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Freezing and Melting Water

Water can change from a liquid to a solid or a gas and back to a liquid, over and over again. Adding or removing heat can change the state water is in.

Adding or removing heat

Water, like all other types of matter, requires the addition or removal of energy to change states. 

A block of ice is solid water. When heat (a form of energy) is added, the ice melts into liquid water. It has reached its melting point at 0°C. If you were to keep applying heat, then the water will turn into water vapour (gas). The water has reached its boiling point at 100°C.

If heat is removed from water vapour, the gas cools down and it condenses back into liquid water. Continue to cool the water (by removing heat), and it becomes solid ice. This is its freezing point.

  • The process of changing water from a liquid to a gas is called evaporation.
  • The process of changing water from a gas to a liquid is called condensation.


Pressure is the force (e.g. your weight) applied to the surface of an object (e.g. the floor). When you stand up you apply pressure to the floor. 

Air pressure

Air pressure is the weight of the atmosphere pushing down on the earth. At sea level this pressure is called 1 Atmosphere. The air pressure at the top of Mt Everest is half of this (0.5 Atmosphere). 

If you were to boil water high up in the mountains, thousands of metres above sea level, you would not need to heat it as much because there is less air pressure. The air pressure is lower because there is less weight of air above – the air is not as dense.

Less pressure means it is easier for the molecules to move and less heat needs to be added to cause a change in state.

Watch this video to see different temperatures for boiling water at different altitudes.

Water pressure

Water pressure is the weight of the ocean pushing down on you. The deeper you go under the sea, the greater the pressure of the water pushing down on you. For every 10 meters you go down, the pressure increases by 1 Atmosphere. In the deepest ocean, the pressure is over 1,000 atmospheres, or the same as the weight of an elephant balanced on a postage stamp, or the equivalent of one person trying to support 50 jumbo jets!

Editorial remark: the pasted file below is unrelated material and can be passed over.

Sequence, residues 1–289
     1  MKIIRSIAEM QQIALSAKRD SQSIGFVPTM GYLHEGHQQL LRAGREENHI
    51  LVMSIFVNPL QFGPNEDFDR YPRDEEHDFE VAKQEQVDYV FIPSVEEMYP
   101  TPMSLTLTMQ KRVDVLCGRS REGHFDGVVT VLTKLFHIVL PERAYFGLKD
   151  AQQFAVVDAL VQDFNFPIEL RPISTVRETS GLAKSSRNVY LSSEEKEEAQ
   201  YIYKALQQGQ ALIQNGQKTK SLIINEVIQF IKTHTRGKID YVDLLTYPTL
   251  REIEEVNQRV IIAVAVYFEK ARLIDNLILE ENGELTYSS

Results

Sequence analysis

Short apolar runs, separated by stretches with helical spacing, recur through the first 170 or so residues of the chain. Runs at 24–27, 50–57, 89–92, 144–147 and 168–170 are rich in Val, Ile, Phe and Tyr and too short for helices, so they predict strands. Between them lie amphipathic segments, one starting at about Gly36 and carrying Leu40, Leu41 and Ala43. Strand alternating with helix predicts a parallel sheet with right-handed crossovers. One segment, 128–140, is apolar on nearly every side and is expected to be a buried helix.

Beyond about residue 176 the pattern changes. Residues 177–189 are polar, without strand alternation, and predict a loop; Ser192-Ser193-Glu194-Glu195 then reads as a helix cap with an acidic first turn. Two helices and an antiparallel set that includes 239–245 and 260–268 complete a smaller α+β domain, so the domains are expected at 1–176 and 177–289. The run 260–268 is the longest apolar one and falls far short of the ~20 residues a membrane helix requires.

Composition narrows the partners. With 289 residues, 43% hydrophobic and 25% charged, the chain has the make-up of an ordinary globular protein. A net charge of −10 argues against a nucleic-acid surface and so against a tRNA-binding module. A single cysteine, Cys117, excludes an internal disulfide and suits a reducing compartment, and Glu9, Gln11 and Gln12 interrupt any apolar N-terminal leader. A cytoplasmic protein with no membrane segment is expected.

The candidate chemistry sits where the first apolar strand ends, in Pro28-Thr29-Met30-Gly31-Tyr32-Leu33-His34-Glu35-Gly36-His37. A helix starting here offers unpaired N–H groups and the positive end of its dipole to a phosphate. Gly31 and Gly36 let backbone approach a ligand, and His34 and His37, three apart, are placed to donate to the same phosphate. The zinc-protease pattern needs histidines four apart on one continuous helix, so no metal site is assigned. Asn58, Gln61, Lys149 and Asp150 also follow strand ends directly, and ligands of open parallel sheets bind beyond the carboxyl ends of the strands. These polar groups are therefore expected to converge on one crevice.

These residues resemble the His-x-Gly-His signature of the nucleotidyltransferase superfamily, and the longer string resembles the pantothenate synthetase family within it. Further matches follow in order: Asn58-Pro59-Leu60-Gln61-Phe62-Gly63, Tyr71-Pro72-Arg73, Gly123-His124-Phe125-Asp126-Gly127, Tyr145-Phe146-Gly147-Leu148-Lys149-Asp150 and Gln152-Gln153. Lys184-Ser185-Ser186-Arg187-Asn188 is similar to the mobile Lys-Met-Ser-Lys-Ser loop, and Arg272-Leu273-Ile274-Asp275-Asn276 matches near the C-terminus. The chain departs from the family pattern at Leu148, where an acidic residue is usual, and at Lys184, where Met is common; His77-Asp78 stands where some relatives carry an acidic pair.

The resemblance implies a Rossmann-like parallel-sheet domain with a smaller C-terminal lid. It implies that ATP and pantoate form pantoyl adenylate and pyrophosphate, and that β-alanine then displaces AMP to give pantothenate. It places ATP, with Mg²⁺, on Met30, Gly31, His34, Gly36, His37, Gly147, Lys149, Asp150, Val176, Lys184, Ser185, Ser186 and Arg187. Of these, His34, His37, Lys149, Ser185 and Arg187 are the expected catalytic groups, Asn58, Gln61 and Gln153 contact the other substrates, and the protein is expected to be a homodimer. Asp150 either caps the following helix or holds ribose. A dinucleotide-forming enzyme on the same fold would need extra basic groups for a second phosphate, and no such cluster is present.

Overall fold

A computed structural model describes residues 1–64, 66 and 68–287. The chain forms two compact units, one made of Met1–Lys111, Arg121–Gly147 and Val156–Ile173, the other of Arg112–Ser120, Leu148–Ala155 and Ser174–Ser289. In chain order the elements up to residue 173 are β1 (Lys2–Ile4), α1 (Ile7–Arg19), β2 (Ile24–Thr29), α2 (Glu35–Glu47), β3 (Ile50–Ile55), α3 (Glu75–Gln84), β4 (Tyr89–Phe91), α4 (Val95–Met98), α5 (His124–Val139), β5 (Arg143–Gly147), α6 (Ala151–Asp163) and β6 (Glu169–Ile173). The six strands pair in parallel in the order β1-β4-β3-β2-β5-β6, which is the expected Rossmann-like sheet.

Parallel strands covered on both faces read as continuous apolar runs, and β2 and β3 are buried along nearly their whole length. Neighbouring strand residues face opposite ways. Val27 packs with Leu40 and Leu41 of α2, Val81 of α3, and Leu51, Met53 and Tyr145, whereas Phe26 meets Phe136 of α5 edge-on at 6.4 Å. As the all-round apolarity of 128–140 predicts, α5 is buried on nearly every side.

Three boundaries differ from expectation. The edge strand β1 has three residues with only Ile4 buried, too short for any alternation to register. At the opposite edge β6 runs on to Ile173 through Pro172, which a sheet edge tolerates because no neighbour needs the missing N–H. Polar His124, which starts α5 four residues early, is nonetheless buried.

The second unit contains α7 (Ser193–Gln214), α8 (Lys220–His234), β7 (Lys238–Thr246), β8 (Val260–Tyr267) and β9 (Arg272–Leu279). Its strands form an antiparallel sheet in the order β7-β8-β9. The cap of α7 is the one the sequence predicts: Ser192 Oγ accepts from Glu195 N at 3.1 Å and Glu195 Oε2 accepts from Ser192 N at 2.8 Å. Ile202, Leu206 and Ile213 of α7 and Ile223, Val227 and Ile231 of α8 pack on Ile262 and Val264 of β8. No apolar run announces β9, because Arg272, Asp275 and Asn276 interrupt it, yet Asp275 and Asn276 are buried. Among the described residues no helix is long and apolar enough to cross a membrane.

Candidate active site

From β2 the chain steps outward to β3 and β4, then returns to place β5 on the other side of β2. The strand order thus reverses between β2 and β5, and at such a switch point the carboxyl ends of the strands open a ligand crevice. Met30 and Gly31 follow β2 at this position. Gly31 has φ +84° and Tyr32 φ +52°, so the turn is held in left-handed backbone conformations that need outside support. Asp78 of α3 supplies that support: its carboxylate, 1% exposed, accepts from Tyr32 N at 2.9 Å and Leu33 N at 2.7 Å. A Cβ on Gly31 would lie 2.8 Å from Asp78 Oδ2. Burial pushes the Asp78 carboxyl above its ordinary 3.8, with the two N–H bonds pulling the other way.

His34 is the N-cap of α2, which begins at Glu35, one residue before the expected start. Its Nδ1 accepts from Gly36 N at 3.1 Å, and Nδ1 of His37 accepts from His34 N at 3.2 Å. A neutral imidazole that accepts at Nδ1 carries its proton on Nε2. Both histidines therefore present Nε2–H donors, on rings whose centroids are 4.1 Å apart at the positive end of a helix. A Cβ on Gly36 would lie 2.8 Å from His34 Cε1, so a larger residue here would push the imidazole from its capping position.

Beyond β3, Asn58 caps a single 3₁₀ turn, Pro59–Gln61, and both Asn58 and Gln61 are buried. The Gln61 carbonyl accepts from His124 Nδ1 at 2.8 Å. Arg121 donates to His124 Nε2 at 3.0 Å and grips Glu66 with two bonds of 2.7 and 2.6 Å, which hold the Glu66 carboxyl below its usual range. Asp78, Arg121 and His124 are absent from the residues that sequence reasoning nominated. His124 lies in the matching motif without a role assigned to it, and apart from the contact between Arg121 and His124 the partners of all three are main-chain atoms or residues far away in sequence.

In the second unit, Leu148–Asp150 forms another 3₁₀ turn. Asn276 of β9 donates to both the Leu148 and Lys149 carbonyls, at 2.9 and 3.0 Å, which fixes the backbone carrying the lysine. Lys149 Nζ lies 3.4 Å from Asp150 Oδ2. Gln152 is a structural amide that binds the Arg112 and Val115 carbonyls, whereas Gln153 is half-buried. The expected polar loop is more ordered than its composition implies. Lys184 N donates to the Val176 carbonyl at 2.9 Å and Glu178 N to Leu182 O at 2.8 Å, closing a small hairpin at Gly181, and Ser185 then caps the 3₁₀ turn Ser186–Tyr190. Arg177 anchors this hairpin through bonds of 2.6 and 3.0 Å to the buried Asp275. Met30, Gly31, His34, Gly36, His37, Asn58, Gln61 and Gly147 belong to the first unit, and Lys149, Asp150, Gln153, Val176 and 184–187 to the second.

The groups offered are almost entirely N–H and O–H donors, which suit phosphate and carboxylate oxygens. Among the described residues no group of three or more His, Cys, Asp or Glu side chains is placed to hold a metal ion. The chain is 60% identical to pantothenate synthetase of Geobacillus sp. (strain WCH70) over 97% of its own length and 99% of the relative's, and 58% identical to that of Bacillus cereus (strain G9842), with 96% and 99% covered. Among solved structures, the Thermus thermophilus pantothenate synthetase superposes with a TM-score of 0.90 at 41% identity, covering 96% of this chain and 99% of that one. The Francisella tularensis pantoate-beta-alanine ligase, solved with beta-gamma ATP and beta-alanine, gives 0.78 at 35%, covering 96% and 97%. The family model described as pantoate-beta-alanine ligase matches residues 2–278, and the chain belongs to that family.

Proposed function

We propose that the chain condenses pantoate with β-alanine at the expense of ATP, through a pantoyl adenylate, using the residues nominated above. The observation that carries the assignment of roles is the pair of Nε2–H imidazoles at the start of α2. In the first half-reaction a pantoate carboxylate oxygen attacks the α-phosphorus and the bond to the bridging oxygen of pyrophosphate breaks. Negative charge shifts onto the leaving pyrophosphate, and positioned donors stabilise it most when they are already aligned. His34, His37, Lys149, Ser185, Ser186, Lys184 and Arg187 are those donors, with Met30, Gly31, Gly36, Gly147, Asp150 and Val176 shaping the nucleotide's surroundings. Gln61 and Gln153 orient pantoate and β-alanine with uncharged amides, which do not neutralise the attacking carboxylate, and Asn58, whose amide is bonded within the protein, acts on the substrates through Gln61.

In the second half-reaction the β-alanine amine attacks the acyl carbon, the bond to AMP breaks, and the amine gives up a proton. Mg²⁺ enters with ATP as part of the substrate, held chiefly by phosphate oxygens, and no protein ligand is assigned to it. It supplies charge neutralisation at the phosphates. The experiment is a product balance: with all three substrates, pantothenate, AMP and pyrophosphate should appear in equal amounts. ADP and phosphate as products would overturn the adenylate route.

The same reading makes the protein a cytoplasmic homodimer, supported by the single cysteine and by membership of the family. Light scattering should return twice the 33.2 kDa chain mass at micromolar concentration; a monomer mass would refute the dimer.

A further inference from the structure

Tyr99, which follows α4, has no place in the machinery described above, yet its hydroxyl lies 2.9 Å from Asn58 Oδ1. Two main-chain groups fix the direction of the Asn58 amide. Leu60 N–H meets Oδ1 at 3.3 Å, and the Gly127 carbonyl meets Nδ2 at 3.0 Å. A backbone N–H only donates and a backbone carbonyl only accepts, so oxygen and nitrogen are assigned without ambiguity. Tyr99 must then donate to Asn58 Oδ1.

The Ross Ice Shelf is the same size as France. The sea under the Ross Ice Shelf is 200m deep.

What is the water pressure (in atmospheres) at the bottom of the Ross Sea? (remember each 10 metres of depth increases pressure by 1 atmosphere).

Pressure and freezing

Water under pressure is harder to freeze! Water below freezing point can still be liquid under pressure! Watch this video where a bottle of cola put in the freezer only turns to ice when the cap is removed releasing the pressure. 

  • As water pressure increases the freezing point of water goes down.

This is very important in Antarctica where very deep water may be below freezing temperature. It is called supercooled water. Supercooled water is water that is still liquid even though it is below the freezing point. 

When does supercooling occur?

Supercooling is the process of lowering the temperature of a liquid or a gas below its freezing point without it becoming a solid (as in the coke trick shown in the video).

When a liquid reaches its standard freezing point (usually 0 degrees Celsius for water) it will crystalize and become a solid. For the water to crystallize and form ice, there must be a seed crystal around which a crystal structure can form to create a solid. You can see this in this video.


The oceans are salty so they don’t freeze at the same temperature as fresh water. Salt lowers the freezing point so sea water freezes at about -2 degrees Celsius. This is why salt is used on some roads in winter to stop ice from forming.


Puddles of water evaporate into water vapour as they heat up. Heat allows water molecules to move faster until they are able to break away from each other and escape as a gas. Image: LEARNZ.


Ice usually forms below 0 degrees Celsius. This is known as its freezing point. What can change the freezing point of ice? Image: LEARNZ.


This is a demonstration of water pressure: pressure near the surface is less than the pressure deeper down. Image: Public Domain.


Antarctica is known as the frozen continent. How do you think a small increase in average temperature could affect Antarctica? Image: LEARNZ.

Can you find out more about supercooling and where it occurs?